“From the time I first visited Africa between high school and college, I knew what I wanted to do in my career — I wanted to be a bridge of understanding between the United States and Africa, and maybe one day I could help shape U.S. policy toward Africa,” says Schneidman. He later served as deputy assistant secretary of state for African affairs under President Clinton, as a member of the Africa advisory committees in the Office of the
U.S. Trade Representative and at the U.S. ExportImport Bank. He also co-chaired the Africa Experts Group on Barack Obama’s campaign for the presidency and was on the Presidential Transition team. In recent years, he decided to write his memoir in hopes of inspiring young people to become more involved in entrepreneurship and economic development on the continent, as he himself was inspired 50 years ago.
“One of the touchstones for me was to write the fullness and the truths of my experience — and that led me to my family’s story,” he says.
He grew up knowing that his great-grandmother, Nannie, came from Williamsburg. A century later, in 2003, Schneidman and his mother came to Swem Special Collections for the first time to see correspondence of Nannie Bright. Several years ago, though, Schneidman began to think there was more to the story that he was missing. He was curious as to whether or not the ancestors he knew little about, well-to-do farmers in the 1800s, might have owned slaves.
“I emailed the librarian at Swem and asked if maybe there were enslaved workers on the Bright farm? And they told me, ‘Without a doubt.’ They invited me to come look at the documents they had,” he says.
FROM RECKONING TO ACTION
Over the next year, he told his family about what he learned to prevent, what he called, “another generation of silence on this.”
“They cared about what I had discovered, and we came together as a group to do something bigger than all of us,” he says.
In December 2020, Schneidman reached out to staff at the Lemon Project to learn more about the Brights and to discover ways he could give back. He wanted to, in some way, attempt to rectify the actions of his forebears and promote racial reconciliation.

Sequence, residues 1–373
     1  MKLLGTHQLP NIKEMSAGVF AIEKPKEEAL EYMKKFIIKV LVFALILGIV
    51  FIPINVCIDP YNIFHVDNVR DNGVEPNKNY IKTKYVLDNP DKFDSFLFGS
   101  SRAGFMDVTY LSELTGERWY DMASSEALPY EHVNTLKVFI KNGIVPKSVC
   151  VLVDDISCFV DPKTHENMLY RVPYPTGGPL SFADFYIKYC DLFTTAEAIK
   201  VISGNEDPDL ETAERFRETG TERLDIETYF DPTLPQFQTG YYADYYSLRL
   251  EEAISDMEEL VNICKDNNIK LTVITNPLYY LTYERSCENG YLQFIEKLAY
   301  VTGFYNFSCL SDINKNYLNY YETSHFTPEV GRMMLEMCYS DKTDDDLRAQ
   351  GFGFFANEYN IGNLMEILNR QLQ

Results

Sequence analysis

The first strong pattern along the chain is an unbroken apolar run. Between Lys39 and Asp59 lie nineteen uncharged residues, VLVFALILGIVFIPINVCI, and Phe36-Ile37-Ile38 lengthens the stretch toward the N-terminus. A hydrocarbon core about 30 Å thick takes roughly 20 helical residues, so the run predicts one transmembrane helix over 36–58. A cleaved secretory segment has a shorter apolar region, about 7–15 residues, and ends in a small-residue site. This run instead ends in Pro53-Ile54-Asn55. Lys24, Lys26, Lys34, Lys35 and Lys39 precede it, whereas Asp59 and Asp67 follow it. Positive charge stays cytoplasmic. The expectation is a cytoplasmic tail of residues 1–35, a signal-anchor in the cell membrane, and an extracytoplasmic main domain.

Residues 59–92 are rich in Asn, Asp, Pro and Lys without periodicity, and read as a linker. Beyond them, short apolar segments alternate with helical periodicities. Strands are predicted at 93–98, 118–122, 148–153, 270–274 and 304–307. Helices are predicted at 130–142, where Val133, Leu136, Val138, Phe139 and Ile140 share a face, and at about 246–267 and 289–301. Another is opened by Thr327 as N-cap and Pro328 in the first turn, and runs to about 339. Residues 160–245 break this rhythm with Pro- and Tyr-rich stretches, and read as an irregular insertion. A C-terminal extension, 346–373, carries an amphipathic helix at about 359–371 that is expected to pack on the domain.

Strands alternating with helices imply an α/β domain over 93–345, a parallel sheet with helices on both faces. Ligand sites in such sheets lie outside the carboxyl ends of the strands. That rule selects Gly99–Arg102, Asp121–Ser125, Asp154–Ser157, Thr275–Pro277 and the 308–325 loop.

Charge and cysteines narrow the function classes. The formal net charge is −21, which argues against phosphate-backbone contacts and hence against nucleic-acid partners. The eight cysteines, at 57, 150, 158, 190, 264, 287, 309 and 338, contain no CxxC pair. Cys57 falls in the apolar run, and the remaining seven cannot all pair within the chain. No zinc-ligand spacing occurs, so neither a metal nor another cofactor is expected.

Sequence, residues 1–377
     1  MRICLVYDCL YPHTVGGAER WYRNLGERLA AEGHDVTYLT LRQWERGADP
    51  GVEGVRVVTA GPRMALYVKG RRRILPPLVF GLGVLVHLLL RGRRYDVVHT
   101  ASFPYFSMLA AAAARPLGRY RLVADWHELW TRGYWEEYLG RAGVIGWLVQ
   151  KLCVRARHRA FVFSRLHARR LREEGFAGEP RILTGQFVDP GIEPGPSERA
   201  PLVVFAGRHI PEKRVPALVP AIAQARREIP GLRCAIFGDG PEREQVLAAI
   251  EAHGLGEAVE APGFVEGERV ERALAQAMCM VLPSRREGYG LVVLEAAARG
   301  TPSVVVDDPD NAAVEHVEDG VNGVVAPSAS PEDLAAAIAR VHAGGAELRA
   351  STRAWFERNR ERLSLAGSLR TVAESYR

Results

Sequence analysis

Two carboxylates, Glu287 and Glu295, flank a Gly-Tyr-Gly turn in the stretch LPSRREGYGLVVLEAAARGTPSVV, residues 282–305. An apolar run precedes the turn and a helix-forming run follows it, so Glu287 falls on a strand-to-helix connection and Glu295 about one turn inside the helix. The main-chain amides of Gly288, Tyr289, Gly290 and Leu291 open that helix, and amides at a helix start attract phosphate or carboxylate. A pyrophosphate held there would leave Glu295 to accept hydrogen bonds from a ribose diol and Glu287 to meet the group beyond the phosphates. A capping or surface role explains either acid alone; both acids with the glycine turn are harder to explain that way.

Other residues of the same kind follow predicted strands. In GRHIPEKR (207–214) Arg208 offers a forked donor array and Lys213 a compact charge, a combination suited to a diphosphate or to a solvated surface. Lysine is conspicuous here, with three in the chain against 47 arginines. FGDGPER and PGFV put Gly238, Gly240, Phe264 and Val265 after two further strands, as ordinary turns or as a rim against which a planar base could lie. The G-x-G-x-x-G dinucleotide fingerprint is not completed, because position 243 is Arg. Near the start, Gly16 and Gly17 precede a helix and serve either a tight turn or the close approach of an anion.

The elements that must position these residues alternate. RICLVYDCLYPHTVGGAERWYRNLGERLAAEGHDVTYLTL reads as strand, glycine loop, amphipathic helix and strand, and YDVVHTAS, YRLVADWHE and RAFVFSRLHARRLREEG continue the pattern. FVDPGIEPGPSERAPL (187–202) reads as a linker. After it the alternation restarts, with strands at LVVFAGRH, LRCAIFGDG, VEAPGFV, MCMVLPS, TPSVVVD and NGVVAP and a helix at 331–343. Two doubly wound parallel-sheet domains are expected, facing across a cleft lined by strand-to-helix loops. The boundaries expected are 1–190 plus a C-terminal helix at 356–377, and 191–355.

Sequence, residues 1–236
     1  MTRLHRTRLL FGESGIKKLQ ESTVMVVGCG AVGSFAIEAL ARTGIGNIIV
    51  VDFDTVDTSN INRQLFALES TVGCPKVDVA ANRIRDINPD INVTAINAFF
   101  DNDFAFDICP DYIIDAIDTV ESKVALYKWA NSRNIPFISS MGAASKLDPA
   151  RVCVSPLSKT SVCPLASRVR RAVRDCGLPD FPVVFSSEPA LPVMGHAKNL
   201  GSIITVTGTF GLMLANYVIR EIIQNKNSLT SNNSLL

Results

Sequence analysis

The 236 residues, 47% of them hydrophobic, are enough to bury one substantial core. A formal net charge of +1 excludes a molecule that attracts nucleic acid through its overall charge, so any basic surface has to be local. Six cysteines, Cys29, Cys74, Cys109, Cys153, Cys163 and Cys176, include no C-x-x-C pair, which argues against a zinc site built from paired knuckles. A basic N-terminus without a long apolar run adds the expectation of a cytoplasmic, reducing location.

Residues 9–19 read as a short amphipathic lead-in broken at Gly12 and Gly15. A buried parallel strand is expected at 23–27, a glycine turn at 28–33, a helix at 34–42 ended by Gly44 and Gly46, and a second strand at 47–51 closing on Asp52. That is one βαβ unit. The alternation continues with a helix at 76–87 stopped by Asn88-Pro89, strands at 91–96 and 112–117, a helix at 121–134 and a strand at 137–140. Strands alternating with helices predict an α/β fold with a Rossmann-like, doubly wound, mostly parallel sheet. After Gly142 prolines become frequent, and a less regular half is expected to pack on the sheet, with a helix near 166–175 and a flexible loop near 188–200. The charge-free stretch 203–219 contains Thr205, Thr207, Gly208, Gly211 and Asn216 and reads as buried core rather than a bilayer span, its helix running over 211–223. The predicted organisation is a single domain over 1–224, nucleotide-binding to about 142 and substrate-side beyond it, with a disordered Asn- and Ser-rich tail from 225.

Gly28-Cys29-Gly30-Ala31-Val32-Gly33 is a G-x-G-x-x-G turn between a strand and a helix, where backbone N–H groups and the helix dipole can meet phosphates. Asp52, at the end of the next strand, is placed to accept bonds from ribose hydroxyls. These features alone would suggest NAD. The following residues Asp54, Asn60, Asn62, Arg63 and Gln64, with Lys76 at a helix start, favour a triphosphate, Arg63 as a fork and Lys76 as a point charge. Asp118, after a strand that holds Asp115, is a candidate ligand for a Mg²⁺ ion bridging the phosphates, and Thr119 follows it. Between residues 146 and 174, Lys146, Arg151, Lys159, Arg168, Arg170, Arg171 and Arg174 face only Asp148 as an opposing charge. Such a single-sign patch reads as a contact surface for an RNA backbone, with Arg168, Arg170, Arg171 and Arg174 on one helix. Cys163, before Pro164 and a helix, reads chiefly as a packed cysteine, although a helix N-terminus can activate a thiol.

Then, in May 2021, Virginia Gov. Ralph Northam signed a bill requiring five Virginia universities that benefited from and exploited slave labor, including W&M, to establish scholarships and programs specifically for descendants of the enslaved.
“When that happened, that proved to me that we are not alone as a family fighting to redress systemic racism,” Schneidman says. “There are people who care about this and are willing to invest of themselves.”
Schneidman, his sisters Liddy Lindsay and Margot Brownell, his son Sam and his niece Lela Beem have established the Lemon Scholarship Endowment as one of the scholarship funds consistent with the 2021 legislation, the second endowment of its kind at W&M. The first scholarship endowment for descendants of the enslaved was created in memory of the late Anne R. Willis, the wife of long-time W&M faculty member Dr. John H. Willis, Jr., by her children in early 2021.
Schneidman knows there is still work to be done. He says his research showed him that history lives on in all of us today, in the stories we tell and the way we tell them. For Witney Schneidman and his family, engaging with that history is one way to ensure there is a generation of action, not silence. “I hope this scholarship enables students to be able to realize their dreams, whatever those are, and that they will be equipped with the skill and knowledge to be the very best that they can be,” he says.
“Each of us in our own way has a role to play in this. That’s part of the challenge, to figure out what our role is and how can we contribute to make our country live up to its full value and potential.”